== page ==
Francs or Ranks? Earnings Mobility in France, 1967-1999

47 Pages Posted: 12 Aug 2003

See all articles by Moshe Buchinsky

Moshe Buchinsky

University of California, Los Angeles (UCLA) - Department of Economics; National Institute of Statistics and Economic Studies (INSEE) - Center for Research in Economics and Statistics (CREST); National Bureau of Economic Research (NBER)

Gary Fields

Cornell University - School of Industrial and Labor Relations; National Bureau of Economic Research (NBER); IZA Institute of Labor Economics

Denis Fougère

National Institute of Statistics and Economic Studies (INSEE) - National School for Statistical and Economic Administration (ENSAE); National Center for Scientific Research (CNRS); IZA Institute of Labor Economics

Francis Kramarz

Independent

Date Written: June 2003

Abstract

This Paper uses a new data set drawn from official earnings records kept by the French national statistical agency, INSEE, and builds a time series on various mobility indices for the first time. Using six mobility concepts, we chart wage mobility trends for the working population and compare mobility rates in various population subgroups differentiated by gender, and education. We then compare mobility trends over time for each population subgroup. Next, we relate the extent of mobility using each of these concepts to measures of macroeconomic conditions including GNP growth, unemployment, inflation, and change in the minimum wage. The results show that the answers to even the most fundamental of mobility questions depend on the mobility concept used. Specifically, we find: over time, income mobility in France has risen for some concepts and fallen for others; comparing genders, women have higher income mobility for some concepts and lower income mobility for others; looking across educational groups, for some mobility concepts it is the best-educated workers who have the highest mobility, while for other concepts, it is the least-educated; in general, the indices are affected by demographic variables, macroeconomic conditions, and changes in employment composition, but these patterns are not uniform across the different concepts; changes in ranks track only imperfectly changes in francs, and the relationships are far from linear. The implication is that before labour economists 'do a mobility study,' they need to be very clear about the mobility concept or concepts they wish to study. As our work shows, the choice can and does make a vital difference.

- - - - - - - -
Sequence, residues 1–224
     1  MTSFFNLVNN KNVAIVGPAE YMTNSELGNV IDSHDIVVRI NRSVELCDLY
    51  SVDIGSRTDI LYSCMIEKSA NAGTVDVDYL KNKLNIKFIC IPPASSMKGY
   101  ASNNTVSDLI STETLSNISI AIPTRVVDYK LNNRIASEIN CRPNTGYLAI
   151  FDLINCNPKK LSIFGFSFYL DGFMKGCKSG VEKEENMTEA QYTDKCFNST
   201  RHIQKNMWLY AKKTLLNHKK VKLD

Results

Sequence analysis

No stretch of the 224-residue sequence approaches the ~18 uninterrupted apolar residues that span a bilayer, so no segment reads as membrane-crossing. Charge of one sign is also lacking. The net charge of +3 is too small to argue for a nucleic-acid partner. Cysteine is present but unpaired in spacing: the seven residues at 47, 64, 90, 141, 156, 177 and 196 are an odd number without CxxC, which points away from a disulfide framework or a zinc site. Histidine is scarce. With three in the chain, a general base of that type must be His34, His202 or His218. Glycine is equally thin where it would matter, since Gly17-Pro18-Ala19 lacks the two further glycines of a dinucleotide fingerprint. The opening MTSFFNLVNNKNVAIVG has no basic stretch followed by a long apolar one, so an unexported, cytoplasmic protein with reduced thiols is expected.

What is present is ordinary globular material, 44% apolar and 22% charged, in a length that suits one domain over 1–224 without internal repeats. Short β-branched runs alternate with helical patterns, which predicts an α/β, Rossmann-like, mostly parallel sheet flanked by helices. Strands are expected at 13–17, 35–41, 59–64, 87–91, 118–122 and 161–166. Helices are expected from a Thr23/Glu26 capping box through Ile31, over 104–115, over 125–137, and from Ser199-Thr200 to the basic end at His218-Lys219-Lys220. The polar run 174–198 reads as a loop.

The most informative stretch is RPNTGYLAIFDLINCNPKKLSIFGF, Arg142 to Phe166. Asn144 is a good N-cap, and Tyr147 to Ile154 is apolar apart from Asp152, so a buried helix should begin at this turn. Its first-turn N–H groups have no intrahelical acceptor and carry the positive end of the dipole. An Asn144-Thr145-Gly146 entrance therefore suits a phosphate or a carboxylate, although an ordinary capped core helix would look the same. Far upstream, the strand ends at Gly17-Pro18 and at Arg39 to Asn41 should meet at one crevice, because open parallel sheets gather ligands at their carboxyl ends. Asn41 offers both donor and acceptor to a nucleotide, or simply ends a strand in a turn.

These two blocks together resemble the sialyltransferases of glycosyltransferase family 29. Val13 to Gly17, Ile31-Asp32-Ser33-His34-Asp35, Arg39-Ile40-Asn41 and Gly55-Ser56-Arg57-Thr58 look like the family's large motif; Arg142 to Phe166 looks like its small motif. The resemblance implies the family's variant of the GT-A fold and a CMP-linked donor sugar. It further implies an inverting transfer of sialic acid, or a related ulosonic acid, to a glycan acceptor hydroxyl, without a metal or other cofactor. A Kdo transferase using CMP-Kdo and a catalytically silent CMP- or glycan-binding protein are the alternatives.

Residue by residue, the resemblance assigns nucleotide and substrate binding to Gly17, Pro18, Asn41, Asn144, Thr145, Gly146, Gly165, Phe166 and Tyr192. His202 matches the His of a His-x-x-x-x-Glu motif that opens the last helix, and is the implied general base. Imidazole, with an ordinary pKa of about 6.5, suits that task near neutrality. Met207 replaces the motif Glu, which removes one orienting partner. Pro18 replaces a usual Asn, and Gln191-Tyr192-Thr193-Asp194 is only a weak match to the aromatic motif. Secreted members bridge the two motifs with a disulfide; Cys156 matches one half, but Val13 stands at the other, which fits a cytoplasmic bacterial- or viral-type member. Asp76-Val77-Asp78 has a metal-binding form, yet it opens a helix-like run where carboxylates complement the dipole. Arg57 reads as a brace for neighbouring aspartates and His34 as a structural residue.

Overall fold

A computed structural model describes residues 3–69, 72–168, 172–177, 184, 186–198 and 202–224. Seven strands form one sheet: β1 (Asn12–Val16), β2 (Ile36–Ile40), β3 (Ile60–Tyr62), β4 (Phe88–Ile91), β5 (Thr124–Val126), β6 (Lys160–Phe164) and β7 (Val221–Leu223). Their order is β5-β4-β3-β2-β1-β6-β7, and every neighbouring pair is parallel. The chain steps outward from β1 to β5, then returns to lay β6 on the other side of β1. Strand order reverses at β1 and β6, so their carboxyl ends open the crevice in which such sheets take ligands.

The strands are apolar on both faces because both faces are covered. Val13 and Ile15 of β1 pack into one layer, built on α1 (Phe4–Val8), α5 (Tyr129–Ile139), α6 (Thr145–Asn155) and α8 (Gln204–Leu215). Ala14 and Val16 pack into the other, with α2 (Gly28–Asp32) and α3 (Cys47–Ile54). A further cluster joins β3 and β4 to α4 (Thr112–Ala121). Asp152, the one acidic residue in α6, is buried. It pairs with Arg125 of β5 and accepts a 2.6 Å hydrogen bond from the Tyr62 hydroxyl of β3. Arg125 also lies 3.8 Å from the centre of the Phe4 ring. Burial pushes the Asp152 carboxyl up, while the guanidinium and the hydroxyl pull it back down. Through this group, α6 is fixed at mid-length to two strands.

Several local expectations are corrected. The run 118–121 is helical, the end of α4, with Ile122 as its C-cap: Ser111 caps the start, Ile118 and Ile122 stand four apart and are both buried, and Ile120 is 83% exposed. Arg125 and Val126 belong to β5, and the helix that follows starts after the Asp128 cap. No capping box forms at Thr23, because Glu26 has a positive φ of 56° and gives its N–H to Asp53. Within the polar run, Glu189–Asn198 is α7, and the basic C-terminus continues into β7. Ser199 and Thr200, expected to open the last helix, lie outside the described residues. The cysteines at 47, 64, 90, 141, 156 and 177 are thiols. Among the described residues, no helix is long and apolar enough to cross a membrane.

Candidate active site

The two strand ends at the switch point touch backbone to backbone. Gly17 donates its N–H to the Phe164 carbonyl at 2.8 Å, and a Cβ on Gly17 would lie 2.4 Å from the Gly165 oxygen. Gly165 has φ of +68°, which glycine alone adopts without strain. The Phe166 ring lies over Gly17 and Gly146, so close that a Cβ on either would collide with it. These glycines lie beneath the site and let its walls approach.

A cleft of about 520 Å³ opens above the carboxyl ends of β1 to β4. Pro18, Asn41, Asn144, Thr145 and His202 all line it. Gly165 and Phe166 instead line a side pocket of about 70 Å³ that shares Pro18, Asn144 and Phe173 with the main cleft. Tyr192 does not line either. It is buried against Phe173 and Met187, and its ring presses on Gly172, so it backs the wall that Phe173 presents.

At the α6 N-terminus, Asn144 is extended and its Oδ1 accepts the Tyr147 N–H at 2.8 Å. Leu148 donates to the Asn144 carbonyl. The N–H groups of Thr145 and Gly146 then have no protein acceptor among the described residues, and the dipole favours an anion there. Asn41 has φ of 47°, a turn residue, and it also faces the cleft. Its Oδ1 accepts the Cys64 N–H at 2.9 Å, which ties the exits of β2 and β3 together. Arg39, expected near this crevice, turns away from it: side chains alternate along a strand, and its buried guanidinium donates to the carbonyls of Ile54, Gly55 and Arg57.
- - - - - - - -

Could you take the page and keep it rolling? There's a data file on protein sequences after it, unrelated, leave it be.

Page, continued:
Keywords: Mobility, earnings, France

JEL Classification: J30

Suggested Citation

Buchinsky, Moshe and Fields, Gary S. and Fougere, Denis and Kramarz, Francis, Francs or Ranks? Earnings Mobility in France, 1967-1999 (June 2003). Available at SSRN: https://ssrn.com/abstract=432721

Moshe Buchinsky (Contact Author)

University of California, Los Angeles (UCLA) - Department of Economics ( email )

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Gary S. Fields

Cornell University - School of Industrial and Labor Relations ( email )

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National Bureau of Economic Research (NBER)

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Denis Fougere

National Institute of Statistics and Economic Studies (INSEE) - National School for Statistical and Economic Administration (ENSAE) ( email )

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National Center for Scientific Research (CNRS)

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IZA Institute of Labor Economics

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Francis Kramarz

Independent

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